Saban signed 2 quarterbacks in one class on 3 occasions — not including 2019 — though this would be the first time at Alabama that he landed multiple signal-callers rated among the top 300 recruits overall (the Tide signed 5-star recruit Phillip Sims and 4-star recruit Blake Sims in 2010, but the latter was listed as an “athlete” and he was rated outside the top 300 overall).
And never have they been such historic names in the state of Alabama.
“Tagovailoa” is already as recognizable as it gets in Alabama, much like “Bryant” or “Saban.” But when the Tagovailoa family decided to move 5,000 miles from Hawaii to Alabama once Tua enrolled in the spring semester of 2017, it meant Taulia had a new place to make a name for himself. He was neither the same player, nor the same person as his brother.
“He’s wanted to be his own guy and now he’s proven that he can be his own guy, and the comparisons will be there,” Freeman said. “In this football-crazy state, he’s gonna be Tua’s little brother. But when he gets this opportunity, everybody will know Taulia, too.”
There are the obvious differences. They throw with opposite hands, Tua is an inch or two taller and he’s roughly 20 pounds heavier than Taulia. Actually the once-chubby Taulia used to be Tua’s center back when they played on the same team as kids in Hawaii. It took some intense training with Tua and Galu for Taulia to rebuild himself before high school.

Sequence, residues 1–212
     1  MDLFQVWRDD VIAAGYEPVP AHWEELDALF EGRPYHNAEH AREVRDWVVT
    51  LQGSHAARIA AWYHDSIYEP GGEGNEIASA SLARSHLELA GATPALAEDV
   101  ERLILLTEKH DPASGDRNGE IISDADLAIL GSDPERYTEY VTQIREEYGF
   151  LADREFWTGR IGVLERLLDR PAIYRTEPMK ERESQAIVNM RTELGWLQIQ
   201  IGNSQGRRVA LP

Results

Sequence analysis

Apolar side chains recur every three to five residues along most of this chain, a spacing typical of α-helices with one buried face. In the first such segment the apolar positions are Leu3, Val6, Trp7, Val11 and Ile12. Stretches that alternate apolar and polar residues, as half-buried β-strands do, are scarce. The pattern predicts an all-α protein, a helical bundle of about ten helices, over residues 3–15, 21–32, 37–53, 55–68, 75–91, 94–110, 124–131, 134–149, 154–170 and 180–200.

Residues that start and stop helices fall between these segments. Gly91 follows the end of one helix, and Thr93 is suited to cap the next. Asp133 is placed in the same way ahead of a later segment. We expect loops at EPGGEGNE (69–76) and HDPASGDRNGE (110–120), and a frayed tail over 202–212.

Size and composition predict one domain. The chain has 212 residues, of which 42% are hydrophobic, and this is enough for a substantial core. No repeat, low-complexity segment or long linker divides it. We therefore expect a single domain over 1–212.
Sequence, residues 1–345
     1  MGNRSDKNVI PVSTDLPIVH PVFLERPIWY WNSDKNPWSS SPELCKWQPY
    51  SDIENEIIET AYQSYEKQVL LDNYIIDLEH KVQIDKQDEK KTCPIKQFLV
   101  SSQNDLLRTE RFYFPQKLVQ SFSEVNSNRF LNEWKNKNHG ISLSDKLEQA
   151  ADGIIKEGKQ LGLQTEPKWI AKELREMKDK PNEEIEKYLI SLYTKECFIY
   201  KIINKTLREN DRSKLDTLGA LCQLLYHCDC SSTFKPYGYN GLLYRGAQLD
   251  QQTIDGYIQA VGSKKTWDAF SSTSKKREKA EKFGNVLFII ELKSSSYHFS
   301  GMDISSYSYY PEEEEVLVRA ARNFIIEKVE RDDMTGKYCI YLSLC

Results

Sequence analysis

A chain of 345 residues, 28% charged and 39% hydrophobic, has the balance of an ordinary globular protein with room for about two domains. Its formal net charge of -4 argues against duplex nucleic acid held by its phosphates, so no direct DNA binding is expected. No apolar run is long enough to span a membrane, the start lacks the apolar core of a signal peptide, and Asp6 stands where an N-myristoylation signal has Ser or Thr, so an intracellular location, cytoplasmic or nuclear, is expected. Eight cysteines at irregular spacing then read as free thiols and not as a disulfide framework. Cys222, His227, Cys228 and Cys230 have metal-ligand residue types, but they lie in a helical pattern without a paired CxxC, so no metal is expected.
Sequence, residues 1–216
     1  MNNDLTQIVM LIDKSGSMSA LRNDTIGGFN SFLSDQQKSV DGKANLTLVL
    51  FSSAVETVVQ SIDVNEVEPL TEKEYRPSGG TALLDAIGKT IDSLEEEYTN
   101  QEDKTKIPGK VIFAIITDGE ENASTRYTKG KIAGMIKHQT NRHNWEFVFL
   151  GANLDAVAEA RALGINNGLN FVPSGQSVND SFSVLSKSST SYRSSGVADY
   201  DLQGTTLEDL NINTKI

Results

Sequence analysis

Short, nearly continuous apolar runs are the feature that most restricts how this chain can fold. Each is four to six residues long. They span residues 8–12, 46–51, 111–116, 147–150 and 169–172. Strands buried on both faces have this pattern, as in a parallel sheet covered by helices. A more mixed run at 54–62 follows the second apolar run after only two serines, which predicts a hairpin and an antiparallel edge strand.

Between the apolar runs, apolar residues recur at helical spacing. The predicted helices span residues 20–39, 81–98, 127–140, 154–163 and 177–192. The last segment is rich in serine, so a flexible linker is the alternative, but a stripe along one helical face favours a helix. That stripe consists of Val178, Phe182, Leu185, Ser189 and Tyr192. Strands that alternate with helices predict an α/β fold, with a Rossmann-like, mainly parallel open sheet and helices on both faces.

Taulia has since developed into an elite quarterback prospect since coming to the mainland. In Thompson’s pass-heavy offense last year, Taulia passed for 3,820 yards, 36 touchdown passes and just 8 interceptions as a junior in 2017. Earlier this season against Oak Mountain, he threw for 507 yards and 4 touchdowns and became the 10th player in Alabama High School Athletic Association history to hit 500 yards in a game. That was his fourth career 400-yard passing game, which was an AHSAA record. His accuracy on the move — he completed 66 percent of his passes — drew the eyes of Power 5 schools and earned an invitation to the highly-exclusive Elite 11 over the summer.
Dilfer said that it took a few days, but Taulia’s charisma was evident once he got settled in.